The reality is that one size does not fit all. Typically, application servers are tuned for processing data using objects or code that represents application logic. Likewise, Web servers tend to be tuned to sending out data.
Web sitesic rule of thumb is that if you think of your Web site as, well, a Web site, then you should probably be using a Web server. Even if the data you are serving is dynamic, the fact that your site is Web centric means that all the configuration parameters of your Web server are best served tuning how you display information to other people’s browsers.
For example, although it is easy to find an application server that can serve Web pages, you will be hard-pressed to provide one that supports Server-Side Includes (SSI) which is a feature nearly every Web server supports out of the box. Of course, you can still add application server components to a Web server if part of the data will be related to applications.
However, If you find that you are using application server components as the primary reason for your Web site, or that the Web server itself is being dragged down by all the resources that the application components may be using, then you should consider moving the application components to their own application server.
One thing we should mention is that breaking out application components of a Web site into a separate application server can help you in several ways. In some cases, breaking out the application components can increase both performance and stability of an application. However, you should be wary of doing this too early because the addition of yet another server in your environment can also add quite a bit of complexity to managing your infrastructure.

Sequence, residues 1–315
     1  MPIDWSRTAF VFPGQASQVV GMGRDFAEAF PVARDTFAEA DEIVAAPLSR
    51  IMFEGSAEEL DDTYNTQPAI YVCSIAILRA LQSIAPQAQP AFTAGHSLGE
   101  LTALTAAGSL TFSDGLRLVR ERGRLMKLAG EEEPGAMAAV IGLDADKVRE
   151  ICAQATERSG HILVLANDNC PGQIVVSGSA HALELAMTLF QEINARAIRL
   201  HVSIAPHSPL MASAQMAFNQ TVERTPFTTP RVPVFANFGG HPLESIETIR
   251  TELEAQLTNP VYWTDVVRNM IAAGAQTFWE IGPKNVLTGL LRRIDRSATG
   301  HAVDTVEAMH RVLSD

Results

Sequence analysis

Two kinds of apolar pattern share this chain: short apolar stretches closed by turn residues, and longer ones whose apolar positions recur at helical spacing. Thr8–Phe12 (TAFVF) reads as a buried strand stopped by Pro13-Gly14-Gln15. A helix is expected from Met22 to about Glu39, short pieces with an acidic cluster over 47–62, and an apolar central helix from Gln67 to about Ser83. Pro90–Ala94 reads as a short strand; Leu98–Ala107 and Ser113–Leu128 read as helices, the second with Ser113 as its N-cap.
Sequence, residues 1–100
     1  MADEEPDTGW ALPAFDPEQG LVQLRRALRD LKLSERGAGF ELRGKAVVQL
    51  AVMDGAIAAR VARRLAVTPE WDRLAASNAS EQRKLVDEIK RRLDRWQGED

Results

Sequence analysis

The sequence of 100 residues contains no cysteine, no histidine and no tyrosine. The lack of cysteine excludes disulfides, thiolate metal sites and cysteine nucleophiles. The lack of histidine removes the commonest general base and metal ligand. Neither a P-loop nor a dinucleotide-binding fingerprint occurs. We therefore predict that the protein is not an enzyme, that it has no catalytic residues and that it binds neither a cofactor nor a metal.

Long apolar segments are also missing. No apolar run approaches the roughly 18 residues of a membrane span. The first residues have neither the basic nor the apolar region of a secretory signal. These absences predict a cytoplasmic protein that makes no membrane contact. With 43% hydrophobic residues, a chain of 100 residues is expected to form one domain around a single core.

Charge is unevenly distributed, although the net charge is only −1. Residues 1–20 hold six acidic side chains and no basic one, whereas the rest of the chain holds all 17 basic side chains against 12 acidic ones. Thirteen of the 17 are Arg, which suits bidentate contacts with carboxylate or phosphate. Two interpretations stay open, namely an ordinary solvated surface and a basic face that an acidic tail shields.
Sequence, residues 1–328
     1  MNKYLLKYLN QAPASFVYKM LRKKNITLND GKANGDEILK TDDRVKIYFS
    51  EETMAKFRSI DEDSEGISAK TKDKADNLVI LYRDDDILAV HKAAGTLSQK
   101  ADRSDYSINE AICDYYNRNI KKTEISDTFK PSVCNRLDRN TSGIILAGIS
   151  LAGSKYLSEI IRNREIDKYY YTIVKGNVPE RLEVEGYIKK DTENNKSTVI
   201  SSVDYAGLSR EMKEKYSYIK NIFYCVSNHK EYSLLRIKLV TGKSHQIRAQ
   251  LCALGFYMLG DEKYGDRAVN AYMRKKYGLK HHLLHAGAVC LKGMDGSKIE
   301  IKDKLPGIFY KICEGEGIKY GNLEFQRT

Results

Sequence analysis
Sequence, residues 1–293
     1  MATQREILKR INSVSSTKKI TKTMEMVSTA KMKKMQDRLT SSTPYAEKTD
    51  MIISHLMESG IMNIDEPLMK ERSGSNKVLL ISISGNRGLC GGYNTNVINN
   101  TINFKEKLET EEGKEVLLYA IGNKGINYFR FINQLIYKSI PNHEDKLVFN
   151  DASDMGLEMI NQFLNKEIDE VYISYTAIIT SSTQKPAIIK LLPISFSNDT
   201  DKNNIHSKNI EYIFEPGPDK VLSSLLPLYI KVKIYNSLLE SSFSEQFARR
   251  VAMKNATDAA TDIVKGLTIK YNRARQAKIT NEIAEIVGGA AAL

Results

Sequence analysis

As we just mentioned, breaking out application components in this way also usually aids in performance. For example, Web servers are usually highly tuned to serve data from disk such as HTML pages and images very efficiently. Such a server is tuned to speed up IO operations. On the other hand, application objects are usually operating on pure logic alone — they take data in from a stream, process it, and send new data back out again. This is a CPU rather than IO intensive activity. Thus, the application server is best served when it is tuned for CPU usage.
In addition, breaking out components usually adds to the stability of an application. Application servers are tested by their respective vendors to work in the context of executing application logic and so they are thoroughly debugged in that context. Likewise, Web servers are heavily tested within the context of serving documents either dynamically or statically. Mixing the two into one server can cause unexpected bugs that neither vendor has tested for.
Note that I use the word vendor loosely here since Apache has no “vendor” but rather is a community of open source developers who have arguably tested Apache beyond the scope that many other Web server vendors test their own products. However, even an Open Source community may have limits to the mix of environments that their products have been tested in.
Of course, these benefits should be tempered by what we mentioned earlier. If your Web site is mostly serving document data, it probably doesn’t make much sense to rush out and purchase an application server. Indeed, if your environment is simple, you could be adding unnecessary complexity to the overall solution, thus maikng it harder to maintain and administrate — unless you have devoted human resources to such an endeavor. As a rule of thumb, the more servers there, the more that must be maintained.